So, to anyone who's iffy about trying the whole no-poo thing, what have you got to lose?  A whole lot of chemicals and a few weeks of your life while your head adjusts.  It's such a small amount of time in the grand scheme of things.  I know it feels awful and you think you look awful, but honestly nobody is going to remember your hair.  From a distance, it just looks like hair.  It's greasy, but it's clean, and that sounds so weird.  I looked back at photos I took during the worst of it, and it just looks like hair.  I got through it and nobody said a word or gave me a funny look.  No hats, no buns, just me and my hair.  So..  yeah, it can't hurt to give it a try.  I did and I'm not looking back.

Friday, May 18, 2012


I wish I had something positive and interesting to write about but I just don't.  As I try to take on a more natural lifestyle - we've been cutting a lot of chemicals out of our lives - I find myself so disappointed with society. 
Grocery day always makes this worse.  Watching people park in no-parking areas because they're too lazy to walk the extra 10 feet from an actual parking spot...  Single guys in their 20's who park in the "Reserved for Mothers" spots... People who can't be bothered to  bring their carts to the cart corrals, and instead leave them in the middle of the lot... People walking through the grocery store, with little fat children alongside, and their cart full of potato chips, sugary cereals, red meat, white bread, sugary drinks, and not a single piece of fresh produce in the whole thing.   These are the things that make me sad.

I truly believe that the downfall of humanity is going to be caused by the few huge corporations that sadly dictate our lives.  Did anyone see  Wall-E?  Remember how the one big corporation ended up ruining the planet?  Yeah, something like that, except I'm sure that it'll be more than just Wal-Mart and garbage.  It's going to be big companies like Monsanto, who mess with the wrong piece of genetic information; or Pfizer, who cause a mutation in the wrong virus.  There are too few people out there telling us how to run our lives - what to buy, what to eat, how to live. 

Unfortunately, we're going to go along with it because we always have.  Like lemmings, society has always done what these big corporations have told them.  Several decages ago, Dow told us we needed harsh chemicals to be clean, and now we fill our homes with them - who doesn't have a cabinet full of nasty cleaners under their sink?  Today, big corporations are telling us we need white flour, white sugar, and artificially fattened meats.  And like lemmings, we're listening.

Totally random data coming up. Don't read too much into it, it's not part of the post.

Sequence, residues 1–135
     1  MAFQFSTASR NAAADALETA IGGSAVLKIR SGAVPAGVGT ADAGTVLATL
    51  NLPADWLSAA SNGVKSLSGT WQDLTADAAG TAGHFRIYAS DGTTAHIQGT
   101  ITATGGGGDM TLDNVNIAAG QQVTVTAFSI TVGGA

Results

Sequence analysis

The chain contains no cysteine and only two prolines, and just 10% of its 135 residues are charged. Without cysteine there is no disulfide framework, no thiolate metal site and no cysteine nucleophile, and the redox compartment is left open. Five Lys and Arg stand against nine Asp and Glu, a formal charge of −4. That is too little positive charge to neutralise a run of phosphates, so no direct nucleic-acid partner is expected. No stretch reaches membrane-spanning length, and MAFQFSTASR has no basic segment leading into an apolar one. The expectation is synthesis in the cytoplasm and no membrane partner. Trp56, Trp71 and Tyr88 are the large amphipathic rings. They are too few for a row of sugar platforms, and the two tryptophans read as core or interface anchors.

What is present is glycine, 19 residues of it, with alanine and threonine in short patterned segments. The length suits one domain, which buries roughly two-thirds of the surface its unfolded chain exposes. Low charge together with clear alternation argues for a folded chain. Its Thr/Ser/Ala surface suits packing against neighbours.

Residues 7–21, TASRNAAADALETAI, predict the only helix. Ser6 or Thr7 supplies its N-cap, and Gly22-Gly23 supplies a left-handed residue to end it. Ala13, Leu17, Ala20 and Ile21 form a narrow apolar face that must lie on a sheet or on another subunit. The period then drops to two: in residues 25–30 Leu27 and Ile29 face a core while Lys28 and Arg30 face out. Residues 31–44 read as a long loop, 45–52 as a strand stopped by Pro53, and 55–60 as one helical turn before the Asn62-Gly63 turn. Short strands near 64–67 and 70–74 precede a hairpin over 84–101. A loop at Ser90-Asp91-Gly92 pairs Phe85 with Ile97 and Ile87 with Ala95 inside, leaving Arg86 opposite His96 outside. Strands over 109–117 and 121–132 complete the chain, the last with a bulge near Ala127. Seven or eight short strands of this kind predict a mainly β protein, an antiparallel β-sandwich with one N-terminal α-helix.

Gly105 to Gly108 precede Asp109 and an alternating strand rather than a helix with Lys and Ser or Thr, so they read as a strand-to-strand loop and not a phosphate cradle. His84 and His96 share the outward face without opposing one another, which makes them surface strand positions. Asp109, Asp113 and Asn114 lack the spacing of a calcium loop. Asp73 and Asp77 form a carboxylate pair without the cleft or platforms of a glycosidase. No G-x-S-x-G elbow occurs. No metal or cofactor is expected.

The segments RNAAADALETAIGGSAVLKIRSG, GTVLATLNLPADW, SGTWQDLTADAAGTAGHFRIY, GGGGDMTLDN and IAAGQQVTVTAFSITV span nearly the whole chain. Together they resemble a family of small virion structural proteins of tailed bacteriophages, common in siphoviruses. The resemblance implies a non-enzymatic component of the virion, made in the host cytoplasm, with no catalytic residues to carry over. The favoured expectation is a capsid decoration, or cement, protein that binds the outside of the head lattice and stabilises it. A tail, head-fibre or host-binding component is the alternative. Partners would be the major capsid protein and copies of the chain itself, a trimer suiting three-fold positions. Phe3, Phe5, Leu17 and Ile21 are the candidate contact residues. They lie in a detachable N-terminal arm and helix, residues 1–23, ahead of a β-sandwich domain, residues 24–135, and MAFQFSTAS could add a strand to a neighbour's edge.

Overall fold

If you ever doubt the saying "you are what you eat," look around at all of the fat, lazy people in the world.  You can bet they've all been fed on malnourished, mistreated livestock who never see the light of day.

...I'm not done ranting, but I'm done typing.  I think it's time for a beer...  and not a word about the GMO grains it's probably made of.

Tuesday, May 1, 2012

I figured as much.

You see? 

This is what happens when I start a blog.  I plan on writing about something, ANYTHING... and then a whole lot of nothing happens.  I don't imagine anyone is interested in hearing "the children went to school today and brought home another heap of useless, unwanted papers."  I think that's pretty much been the only thing to happen in a while.  As it is, right this moment, I'm sitting on the couch, listening to the children argue in the play room, and contemplating how long I can put off making lunch.  I didn't sleep well last night and so I'm feeling exhausted today, and not in any mindset to deal with snarky kids (seriously, what is WITH them these last few days...).  I wish I had something more interesting to say but I really don't right now.   The one time I thought I might have something to write about, I wasn't at my computer, and had forgotten about it by the time I was.
I'm sure something will come to me... eventually.

Sunday, April 22, 2012


I'm sorry, world.  I know you're obsessed with those little blue gems - sticking them into drinks, baked goods, fruit bowls, salads, cereals...  but I just can't love them like you do.  That's right, I hate blueberries.  They're weird and sour and their skin is leathery and tough.  Every year, when they're in season, I buy them for my kids.  Every year I tell myself they're not so bad.  Every year, I try one, and it's just as gross as it was last year. Either it's icky and sour, or completely tasteless.  Either way, I just can't appreciate them the way the world seems to.  So please, stop suggesting I put them in my smoothies, pies, and muffins.  Also, you can keep your blackberries.  They smell amazing, and I like the juice, but they are so seedy that I just can't stand to eat them.  Avocados, artichokes, tofu - these things I can handle; when it comes to tiny dark berries, I just can't do it.

Thursday, April 19, 2012

By the way... that title.

What the heck is "Violet Greens?"  I really don't know.  I was staring at the "Enter a name for your blog" thing... let's put it this way.  I pity my children, because they will never know the joys of having a unique name for anything unless it's completely unpronounceable.  Anyway, I was thinking about things I like, and I thought about violets, and how the little buggers are growing everywhere right now.  Of course, we just mowed over ours, so there's nothing there but the leaves.  So I named it after that, because it was just something that popped into my head.